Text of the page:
Ant Davidson’s Stars of Spa
Who were the drivers that caught 2014 FIA WEC champion Anthony Davidson's eye at Spa?
The TotalEnergies 6 Hours of Spa saw some unforgettable ‘high-wire act’ performances from several drivers in a challenging event for the whole 37-car field.
Some excelled more than others, so we asked WEC’s co-commentator and endurance racing expert Anthony Davidson to trawl through the data to pick his ‘Stars of Spa.’
Hypercar - Mike Conway
“I was impressed with Mike. He matched Buemi's pace in the dry and he kept his head during the changeable conditions and didn't get flustered when clearly the LMP2s were a bit quicker in the absolute full wet conditions, probably when the cars are a bit nimbler.
“The tyre is completely different and maybe the full wet tyre on the Goodyear performed slightly better than the Michelin could in the Hypercar class, in the absolute torrential rain. Maybe they could just shift that little bit extra water I don't know, because on a damp the Michelin seemed to come good again and the Hypercars were clearly faster than the LMP2s.
“So, Mike didn't lose his head during that moment of the race where the LMP2's were a bit quicker. He just seemed to focus on surviving and keeping the car pointing in the right direction and built a strong platform.
“He was one of the few drivers that I didn't see make a mistake. Anybody that came through that entire period, where it's starting to rain, I applaud them because that was incredibly tough.”
“(Nicolas) Lapierre was mega again, and I thought Buemi was strong also, but sadly didn’t do much running after the issue, so Conway is definitely my top performer in Hypercar from Spa.”
LMGTE Pro – James Calado
“That LMGTE Pro race was perhaps the only one that was really helped by red flags, funnily enough, because it kept bunching cars back up together again.
“At one point we had a car (No.52 AF Corse Ferrari) a lap in front and then it was suddenly all in the mix again. It was really only after that last red flag was lifted again in the GT Pro category that we got a grandstand finish.
“It was the most enjoyable spectacle of the race, really thrilling stuff. There is clearly no love lost between the No. 51 and No.92 after Bahrain last year, and it was great to see such professional driving with leaving nothing on the table.
“I find it really hard to pick one driver out of that top bunch. It’s really hard because there were so many special performances out there.
“Kevin Estre blotted his copybook by the mistake he made in the first corner. It is easily done but still, you don't expect it from somebody like him. It's a rare mistake but he was very apologetic afterwards which was good to see.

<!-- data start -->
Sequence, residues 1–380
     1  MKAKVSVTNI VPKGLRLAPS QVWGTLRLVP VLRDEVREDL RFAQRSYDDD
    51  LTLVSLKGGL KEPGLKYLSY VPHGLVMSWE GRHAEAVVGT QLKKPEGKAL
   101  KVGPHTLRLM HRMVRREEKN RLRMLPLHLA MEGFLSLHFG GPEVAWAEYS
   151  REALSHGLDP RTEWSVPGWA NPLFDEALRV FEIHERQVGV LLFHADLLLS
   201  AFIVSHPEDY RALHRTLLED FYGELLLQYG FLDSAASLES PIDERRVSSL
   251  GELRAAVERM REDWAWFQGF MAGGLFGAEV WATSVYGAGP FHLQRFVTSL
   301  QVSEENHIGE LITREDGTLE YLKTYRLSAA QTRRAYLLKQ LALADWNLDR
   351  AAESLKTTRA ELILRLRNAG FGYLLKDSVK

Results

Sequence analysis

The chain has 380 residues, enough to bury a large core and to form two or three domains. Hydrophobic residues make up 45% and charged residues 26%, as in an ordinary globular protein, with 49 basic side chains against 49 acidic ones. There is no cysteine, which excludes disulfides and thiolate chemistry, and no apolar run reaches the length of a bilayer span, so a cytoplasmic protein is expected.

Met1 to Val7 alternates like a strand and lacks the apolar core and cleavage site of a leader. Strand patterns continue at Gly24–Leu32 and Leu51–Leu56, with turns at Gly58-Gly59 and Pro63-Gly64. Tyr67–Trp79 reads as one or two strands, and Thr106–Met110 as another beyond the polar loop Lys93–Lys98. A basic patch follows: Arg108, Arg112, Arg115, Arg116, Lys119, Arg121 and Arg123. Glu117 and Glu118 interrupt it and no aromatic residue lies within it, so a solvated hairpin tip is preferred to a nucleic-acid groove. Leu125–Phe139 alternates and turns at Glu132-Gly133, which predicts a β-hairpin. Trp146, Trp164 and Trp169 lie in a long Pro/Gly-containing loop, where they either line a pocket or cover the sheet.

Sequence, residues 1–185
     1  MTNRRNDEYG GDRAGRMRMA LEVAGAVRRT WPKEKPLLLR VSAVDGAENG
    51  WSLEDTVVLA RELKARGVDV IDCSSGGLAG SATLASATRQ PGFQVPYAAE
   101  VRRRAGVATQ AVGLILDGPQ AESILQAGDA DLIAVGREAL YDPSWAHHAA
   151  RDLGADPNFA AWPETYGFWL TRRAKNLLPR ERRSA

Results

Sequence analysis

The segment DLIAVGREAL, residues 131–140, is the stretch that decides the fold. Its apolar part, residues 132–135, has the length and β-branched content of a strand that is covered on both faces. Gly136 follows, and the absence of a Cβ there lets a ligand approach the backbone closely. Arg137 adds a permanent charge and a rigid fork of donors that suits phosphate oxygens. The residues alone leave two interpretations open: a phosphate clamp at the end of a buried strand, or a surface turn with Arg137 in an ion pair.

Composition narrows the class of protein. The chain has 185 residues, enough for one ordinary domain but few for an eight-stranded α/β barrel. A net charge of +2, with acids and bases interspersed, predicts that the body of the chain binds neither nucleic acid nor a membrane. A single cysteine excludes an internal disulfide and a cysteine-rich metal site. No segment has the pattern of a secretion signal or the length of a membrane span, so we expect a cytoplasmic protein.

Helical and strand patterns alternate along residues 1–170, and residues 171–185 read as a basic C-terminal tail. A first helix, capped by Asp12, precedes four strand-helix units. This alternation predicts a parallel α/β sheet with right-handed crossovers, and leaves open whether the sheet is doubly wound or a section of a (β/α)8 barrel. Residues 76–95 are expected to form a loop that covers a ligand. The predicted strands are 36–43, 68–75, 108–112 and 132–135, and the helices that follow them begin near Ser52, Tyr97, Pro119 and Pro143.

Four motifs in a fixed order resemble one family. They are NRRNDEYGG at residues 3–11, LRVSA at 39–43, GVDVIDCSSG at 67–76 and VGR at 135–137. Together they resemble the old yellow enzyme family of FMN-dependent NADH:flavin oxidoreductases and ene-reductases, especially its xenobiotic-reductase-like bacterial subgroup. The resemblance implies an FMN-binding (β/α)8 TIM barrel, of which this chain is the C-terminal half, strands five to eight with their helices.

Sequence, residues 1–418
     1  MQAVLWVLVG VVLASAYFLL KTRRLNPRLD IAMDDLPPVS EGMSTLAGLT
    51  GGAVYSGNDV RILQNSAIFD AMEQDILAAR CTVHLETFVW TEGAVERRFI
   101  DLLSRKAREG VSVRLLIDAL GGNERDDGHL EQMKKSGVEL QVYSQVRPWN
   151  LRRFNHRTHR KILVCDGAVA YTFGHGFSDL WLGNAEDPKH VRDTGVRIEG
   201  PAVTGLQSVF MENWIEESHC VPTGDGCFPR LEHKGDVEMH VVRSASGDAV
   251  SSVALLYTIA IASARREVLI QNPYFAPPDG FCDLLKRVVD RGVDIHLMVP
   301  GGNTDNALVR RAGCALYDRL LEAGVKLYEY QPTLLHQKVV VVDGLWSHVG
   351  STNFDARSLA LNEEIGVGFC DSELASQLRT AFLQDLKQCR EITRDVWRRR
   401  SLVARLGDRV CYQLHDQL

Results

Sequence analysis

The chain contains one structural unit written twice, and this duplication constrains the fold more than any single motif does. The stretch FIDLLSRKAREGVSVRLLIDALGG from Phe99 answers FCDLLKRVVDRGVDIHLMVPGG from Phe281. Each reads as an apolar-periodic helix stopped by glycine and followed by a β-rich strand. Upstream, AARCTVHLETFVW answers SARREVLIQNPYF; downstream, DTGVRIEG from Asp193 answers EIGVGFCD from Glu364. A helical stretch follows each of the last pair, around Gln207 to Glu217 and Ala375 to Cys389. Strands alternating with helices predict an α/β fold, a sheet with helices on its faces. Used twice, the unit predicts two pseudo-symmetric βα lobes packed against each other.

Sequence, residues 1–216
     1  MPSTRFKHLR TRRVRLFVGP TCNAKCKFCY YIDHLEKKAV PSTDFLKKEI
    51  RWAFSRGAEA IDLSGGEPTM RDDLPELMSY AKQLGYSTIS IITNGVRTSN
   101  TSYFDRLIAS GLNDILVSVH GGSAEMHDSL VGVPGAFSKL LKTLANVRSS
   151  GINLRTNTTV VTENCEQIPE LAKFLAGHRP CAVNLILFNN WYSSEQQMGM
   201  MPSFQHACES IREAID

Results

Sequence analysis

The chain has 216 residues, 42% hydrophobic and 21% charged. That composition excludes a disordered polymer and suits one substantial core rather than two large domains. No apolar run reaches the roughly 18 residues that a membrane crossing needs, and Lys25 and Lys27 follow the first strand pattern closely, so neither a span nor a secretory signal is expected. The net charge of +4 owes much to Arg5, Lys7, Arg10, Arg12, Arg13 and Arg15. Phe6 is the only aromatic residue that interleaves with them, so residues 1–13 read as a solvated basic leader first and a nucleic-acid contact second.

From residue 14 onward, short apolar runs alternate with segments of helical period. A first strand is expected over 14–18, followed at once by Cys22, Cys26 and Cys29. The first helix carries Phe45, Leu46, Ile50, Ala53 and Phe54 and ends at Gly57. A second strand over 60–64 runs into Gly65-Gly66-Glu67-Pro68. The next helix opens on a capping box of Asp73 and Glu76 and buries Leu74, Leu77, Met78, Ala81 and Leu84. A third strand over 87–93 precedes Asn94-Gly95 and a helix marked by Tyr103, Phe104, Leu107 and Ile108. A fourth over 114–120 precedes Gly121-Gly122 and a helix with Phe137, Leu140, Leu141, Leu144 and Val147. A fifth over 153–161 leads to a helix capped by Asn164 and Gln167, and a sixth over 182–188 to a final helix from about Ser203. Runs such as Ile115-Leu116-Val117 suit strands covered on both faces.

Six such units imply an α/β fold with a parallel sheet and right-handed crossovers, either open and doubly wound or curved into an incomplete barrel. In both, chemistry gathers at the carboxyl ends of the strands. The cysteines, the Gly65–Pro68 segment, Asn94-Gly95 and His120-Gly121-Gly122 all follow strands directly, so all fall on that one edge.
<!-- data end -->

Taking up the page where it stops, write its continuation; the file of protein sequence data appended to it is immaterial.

“But it cost the Porsche team dear, and it was a shame that car No.91 wasn't really in the race, as Bruni clearly had the speed in qualifying and would have been in the mix for the win I think.
“That was a real shame, but still we had a great race. I have to say that James Calado was probably the driver of the race for me, just purely based on the pressure he soaked up in the dying laps of the race from Michael Christensen, who was mounting a challenge at every single opportunity, right down to the final chicane at the last lap.
“It was very clever defensive driving from James in a car that clearly didn't have the speed compared to the Porsche in the dry, but he made best use of his equipment in the wet and damp.
“Christensen had already managed to find his way past Antonio Fuoco, who's a formidable force in that No.52 Ferrari and drove well. So, the Dane proved he it was possible to overtake a Ferrari driver, who had the same speed pretty much as Calado.
“But James just managed to read the traffic right and put the car where he needed to, in order to soak up all that pressure, hold his nerve, and to hang on to a very memorable victory.
“It was one of his best drives that I think I've ever seen him have in that car and in that category. Bravo!”
“For me Robin Frijns was the total stand out driver at Spa.
“In those conditions, and on top of it all with his windscreen wiper not working, he was exceptional.
“I can't begin to imagine how hard that would have been visibility wise. Luckily he was out in front but still catching cars in that spray would have seen some ‘heart in the mouth’ moments for sure.
“He was blindingly quick, clearly taking a lot of risk, but he was getting away with it and managed to outperform all of the Hypercars around him in those conditions.
“He led the race outright for many laps and there was only one other driver in those conditions that got close to him. That was United Autosports USA’s Alex Lynn. He also put in a storming drive in those four wet conditions I must say.
“But for me it was the combination of Frijns in the wet and the dry that stood out. Nobody was going to better him last weekend and he was the driver of the race completely.”
“It would have been really interesting to see that race unfold, if it was just dry the whole way through.
“I feel like the LMP2 race was probably the only category that got ruined by all of the red flags. Because I think the compensation was close enough to create a really spectacular race without any interruption anyway.”
LMGTE Am – Sebastien Priaulx
“In LMGTE Am I do think that Seb Priaulx stood out to me, I thought he was really impressive.
“I think that combined with his efforts, and of course, Harry Tincknell's efforts at the end, which you'd come to expect from Harry, I think Seb had a very, very strong drive.
“There have been very few mistakes by him so far and I think that's what helped to catapult the No.77 Dempsey Proton Porsche into the front and to give Harry the chance to run with it at the end.
“It is always a combination of all drivers and their experience and their rankings in Am that makes the difference. At Spa young Prialux was really solid, and he plainly has a terrific career at this level ahead of him.”